• Complex. The book is broken down into sections that are easy to understand. There are little to no rules that you have to reference actively, as much of those aspects exist for the Core Rulebooks (PHB, DMG, MM). It is an important resource for those wanting more options and doesn’t have the time to House-Rule a bunch of material. I’ve seen both newcomers and veterans share their love and hate for this book, but it is overall helpful.
  • PHB/DMG/MM 2.0. Piggybacking on the previous point, this is more of a 1.5 to the Core Rulebooks. It doesn’t help that there is no clear delineation in the title as to how to interpret what book means what. Pathfinder adopted a numerical classification as to what each of their release represents (example: Bestiary, Bestiary 2, Bestiary 3, etc).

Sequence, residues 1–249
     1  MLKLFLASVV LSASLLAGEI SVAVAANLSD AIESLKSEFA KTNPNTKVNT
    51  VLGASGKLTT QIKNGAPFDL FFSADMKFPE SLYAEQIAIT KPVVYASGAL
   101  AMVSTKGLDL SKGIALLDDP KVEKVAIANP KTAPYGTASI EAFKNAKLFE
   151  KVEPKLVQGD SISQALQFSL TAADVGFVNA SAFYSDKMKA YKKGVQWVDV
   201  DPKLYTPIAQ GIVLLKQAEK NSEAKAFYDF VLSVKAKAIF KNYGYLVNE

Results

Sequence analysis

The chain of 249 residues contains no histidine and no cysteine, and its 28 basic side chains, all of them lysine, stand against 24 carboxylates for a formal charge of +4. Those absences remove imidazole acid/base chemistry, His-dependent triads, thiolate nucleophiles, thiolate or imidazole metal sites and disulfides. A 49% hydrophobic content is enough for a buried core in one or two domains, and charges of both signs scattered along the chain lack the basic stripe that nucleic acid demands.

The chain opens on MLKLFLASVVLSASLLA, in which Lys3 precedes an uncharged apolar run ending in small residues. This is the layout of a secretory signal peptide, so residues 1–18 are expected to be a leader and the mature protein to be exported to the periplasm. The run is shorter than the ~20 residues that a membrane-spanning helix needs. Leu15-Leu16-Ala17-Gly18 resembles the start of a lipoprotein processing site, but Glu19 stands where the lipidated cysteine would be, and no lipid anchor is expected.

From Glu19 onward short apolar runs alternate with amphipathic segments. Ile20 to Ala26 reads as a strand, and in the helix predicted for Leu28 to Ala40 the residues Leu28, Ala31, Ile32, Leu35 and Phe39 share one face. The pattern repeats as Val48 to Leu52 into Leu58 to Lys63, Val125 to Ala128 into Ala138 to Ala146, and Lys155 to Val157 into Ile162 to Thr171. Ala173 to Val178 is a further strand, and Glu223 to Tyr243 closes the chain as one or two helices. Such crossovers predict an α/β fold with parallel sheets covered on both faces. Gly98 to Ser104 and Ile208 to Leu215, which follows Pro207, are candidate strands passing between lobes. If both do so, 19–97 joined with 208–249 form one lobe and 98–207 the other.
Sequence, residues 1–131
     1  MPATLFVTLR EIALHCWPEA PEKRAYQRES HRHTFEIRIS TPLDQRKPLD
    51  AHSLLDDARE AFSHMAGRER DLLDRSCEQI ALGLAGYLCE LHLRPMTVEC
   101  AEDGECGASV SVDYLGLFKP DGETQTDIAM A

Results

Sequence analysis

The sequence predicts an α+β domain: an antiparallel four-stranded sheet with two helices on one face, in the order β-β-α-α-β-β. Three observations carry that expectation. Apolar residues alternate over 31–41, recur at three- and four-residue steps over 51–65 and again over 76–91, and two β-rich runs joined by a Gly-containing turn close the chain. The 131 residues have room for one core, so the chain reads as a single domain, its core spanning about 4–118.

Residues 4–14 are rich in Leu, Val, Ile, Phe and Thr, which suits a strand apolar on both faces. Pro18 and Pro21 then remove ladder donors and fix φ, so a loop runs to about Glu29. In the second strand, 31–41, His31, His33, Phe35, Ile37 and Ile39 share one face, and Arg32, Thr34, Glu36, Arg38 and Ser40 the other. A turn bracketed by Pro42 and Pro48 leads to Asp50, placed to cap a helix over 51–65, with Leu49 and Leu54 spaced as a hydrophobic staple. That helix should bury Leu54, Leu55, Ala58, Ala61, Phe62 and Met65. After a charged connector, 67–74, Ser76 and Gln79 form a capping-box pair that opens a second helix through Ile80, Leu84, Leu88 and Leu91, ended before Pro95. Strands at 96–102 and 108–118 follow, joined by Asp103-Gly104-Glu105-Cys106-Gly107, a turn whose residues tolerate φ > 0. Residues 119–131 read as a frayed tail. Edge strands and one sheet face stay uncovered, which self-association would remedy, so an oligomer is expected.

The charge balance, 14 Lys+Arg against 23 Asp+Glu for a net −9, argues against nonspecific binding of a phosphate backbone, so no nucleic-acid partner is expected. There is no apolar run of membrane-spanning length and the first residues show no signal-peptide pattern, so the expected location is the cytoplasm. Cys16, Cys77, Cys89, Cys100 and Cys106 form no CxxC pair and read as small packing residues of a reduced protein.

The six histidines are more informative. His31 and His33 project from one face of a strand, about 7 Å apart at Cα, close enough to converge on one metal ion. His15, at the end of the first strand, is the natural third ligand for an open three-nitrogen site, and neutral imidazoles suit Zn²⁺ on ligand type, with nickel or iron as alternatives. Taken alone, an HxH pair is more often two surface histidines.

What It Does Well…

  • Settle disputes. The Ten Rules to Remember are a favorite of mine, as the page clarifies certain technicalities that have been debated at game tables quite often. Multiple stacks of Advantage and Disadvantages? All the technicalities concerning Proficiency Bonuses? Trying to do multiple Concentration actions? It settles those disputes. Plus, the important point it makes on that very same page? The DM adjudicates the rules! Take that, Rules Lawyers!
  • Provide more subclass options. There are exactly 31 subclasses available in this book! Some were carried over from Princes of the Apocalypse, but c’mon! That is a lot of subclasses. The playstyles and options available differ greatly, almost feeling like unique classes of their own.